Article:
Fifth-grade teacher Dona Ostenso usually enters her Calvert Elementary School classroom by 8 a.m. so she has time to plan lessons and grade papers before her students arrive.

But not since Wednesday. Ostenso said she will not begin her workday until 8:35 a.m. -- the official start time -- unless the Calvert County Board of Education offers the county's teachers a new contract that includes higher wages, more regular breaks and union representation when the instructors face disciplinary action.

"We need a contract!" she and about 40 other teachers and support staff chanted in front of the school at 8:20 Wednesday morning. They clutched signs that read: "Students Count On Us!" and "Honk if You Support Teachers" as passing drivers tooted their car horns.

To express their displeasure over the stalemate in negotiations -- and having to start the school year without an agreement on pay and benefits -- teachers across Calvert County have refused to work more than the 7.5 hours per day required by their contracts. This form of protest is called a "work-to-rule" action. The county teachers union approved the tactic Monday.

The step is an escalation in the contract dispute between the school board and the unions representing teachers and support staff. Union officials hope the protest will win concessions from the board.

But Superintendent J. Kenneth Horsmon said the school board will not be intimidated by the work-to-rule action.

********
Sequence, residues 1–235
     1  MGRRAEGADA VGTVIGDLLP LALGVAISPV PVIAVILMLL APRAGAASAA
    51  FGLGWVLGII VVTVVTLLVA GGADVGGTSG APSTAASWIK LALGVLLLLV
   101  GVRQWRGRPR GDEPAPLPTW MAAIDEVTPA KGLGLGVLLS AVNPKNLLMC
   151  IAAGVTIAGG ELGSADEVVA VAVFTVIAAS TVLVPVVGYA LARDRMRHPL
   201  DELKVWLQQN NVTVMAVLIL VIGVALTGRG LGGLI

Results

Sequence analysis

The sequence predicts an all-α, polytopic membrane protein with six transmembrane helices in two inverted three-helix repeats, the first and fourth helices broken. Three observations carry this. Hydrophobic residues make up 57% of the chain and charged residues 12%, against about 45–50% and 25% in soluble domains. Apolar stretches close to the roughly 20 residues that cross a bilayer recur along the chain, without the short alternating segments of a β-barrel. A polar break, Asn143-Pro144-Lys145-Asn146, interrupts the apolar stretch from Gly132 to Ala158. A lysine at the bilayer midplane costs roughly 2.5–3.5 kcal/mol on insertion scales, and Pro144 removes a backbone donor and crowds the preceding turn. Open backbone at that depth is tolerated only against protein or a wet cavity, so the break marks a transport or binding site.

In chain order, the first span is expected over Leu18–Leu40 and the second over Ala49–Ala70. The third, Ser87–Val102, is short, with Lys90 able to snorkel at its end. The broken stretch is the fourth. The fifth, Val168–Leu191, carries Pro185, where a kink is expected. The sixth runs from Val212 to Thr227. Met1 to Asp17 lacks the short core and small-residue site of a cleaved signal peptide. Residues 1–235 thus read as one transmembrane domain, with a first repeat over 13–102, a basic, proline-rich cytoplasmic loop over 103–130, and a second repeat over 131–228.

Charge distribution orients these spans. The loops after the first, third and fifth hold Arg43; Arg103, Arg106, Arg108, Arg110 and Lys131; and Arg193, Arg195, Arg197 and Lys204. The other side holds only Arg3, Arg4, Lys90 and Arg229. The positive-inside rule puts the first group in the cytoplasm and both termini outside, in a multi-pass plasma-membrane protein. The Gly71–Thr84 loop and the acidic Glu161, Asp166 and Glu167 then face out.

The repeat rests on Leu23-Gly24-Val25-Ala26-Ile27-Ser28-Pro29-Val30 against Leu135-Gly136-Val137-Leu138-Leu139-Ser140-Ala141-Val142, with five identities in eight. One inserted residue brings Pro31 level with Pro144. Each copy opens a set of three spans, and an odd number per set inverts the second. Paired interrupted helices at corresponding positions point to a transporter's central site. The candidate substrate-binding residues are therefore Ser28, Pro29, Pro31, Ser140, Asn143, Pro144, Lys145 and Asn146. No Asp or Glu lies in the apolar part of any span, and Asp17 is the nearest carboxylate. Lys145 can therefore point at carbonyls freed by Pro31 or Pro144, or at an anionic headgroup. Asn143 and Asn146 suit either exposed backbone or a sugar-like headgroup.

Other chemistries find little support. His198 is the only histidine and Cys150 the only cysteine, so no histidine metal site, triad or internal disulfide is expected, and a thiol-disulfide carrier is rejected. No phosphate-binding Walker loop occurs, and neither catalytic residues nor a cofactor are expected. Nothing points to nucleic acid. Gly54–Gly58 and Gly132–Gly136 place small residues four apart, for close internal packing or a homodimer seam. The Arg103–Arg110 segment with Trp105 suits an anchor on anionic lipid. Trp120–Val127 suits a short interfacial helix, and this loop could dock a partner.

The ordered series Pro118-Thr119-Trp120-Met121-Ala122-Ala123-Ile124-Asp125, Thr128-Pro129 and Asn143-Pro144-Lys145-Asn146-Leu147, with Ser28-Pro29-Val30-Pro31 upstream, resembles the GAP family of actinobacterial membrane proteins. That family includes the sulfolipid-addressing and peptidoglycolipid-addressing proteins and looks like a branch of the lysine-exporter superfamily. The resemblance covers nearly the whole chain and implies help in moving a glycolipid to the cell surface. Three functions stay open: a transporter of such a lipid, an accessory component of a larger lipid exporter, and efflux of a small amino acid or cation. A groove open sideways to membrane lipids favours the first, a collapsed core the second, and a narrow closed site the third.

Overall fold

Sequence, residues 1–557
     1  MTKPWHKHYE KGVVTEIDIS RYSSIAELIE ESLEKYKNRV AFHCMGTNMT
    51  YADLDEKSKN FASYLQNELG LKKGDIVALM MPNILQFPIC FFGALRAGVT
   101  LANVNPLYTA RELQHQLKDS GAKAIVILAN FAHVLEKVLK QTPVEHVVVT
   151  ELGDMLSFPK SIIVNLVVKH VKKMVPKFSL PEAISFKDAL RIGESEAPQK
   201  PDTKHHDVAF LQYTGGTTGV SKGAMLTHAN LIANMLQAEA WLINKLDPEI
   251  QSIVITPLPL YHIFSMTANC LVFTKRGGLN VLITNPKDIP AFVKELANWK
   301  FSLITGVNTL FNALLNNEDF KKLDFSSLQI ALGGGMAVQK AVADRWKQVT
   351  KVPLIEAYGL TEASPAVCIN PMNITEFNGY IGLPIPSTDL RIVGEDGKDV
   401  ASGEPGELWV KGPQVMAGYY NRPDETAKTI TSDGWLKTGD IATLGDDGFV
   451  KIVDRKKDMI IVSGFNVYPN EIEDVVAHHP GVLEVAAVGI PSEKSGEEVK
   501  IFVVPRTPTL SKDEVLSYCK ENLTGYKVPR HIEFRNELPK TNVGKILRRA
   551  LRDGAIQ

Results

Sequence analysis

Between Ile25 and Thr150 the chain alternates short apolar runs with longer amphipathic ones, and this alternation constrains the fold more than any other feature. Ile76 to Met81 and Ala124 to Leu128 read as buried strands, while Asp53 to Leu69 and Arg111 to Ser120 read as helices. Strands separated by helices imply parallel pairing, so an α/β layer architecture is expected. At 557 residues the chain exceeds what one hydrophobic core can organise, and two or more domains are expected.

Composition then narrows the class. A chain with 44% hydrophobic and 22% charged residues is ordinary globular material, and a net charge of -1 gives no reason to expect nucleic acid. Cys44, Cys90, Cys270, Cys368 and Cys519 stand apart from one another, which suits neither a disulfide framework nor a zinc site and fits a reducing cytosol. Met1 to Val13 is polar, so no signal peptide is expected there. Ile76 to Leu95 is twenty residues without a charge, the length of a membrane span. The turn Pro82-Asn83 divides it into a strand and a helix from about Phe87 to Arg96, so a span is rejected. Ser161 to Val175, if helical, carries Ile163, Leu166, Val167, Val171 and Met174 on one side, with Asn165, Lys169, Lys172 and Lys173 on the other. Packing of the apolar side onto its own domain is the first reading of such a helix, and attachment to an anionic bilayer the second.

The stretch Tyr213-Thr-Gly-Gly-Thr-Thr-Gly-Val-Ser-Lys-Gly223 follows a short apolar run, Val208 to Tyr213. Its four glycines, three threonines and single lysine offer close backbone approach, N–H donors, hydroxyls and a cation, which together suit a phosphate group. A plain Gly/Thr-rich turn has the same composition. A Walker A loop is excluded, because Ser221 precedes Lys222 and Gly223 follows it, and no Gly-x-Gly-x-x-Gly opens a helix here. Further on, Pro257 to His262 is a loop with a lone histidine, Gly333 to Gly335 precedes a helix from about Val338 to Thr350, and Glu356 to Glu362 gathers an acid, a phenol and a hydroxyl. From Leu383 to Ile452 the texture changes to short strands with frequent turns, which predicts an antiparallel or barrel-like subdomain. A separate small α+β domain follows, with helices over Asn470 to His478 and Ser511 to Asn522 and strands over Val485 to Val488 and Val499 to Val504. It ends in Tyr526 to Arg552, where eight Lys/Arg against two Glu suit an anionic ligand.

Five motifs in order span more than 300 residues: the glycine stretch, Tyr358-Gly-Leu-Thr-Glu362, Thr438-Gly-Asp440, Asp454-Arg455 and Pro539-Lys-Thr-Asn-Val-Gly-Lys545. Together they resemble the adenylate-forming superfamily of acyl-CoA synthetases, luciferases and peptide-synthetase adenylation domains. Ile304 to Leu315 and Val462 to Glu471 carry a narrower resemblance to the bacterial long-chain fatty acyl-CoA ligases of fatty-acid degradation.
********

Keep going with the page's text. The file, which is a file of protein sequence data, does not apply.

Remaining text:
"They are using kids, but it won't work," he said. "The biggest losers here are the students."

Teachers said students would continue to receive first-rate instruction, but they conceded the labor action would have some negative effects.

"We are not going to have parent-teacher conferences after school hours," Ostenso said. "Parents are going to have to take time off from work. That means it is going to be very hard to schedule those meetings."

Some after-school clubs are also affected. The Calvert Elementary recycling club, scheduled to meet before school hours, was postponed indefinitely because a teacher declined to supervise it outside regular working hours, Ostenso said.

Teachers said it will also take them much longer to return papers to students since they will not grade them at home anymore.

Several parents expressed concern that the work-to-rule action would harm their children.

"Our kids are going to get left behind," said Pamela Penar, whose daughter is a fifth-grader at Calvert Elementary. "I'm not agreeable with this."

Ostenso, a single mother who has been teaching in Calvert for 16 years, said it is unfair to criticize teachers for working the schedule specified in the old contract that was extended by school administrators.

"We're not using the children," she said. "We're doing our jobs."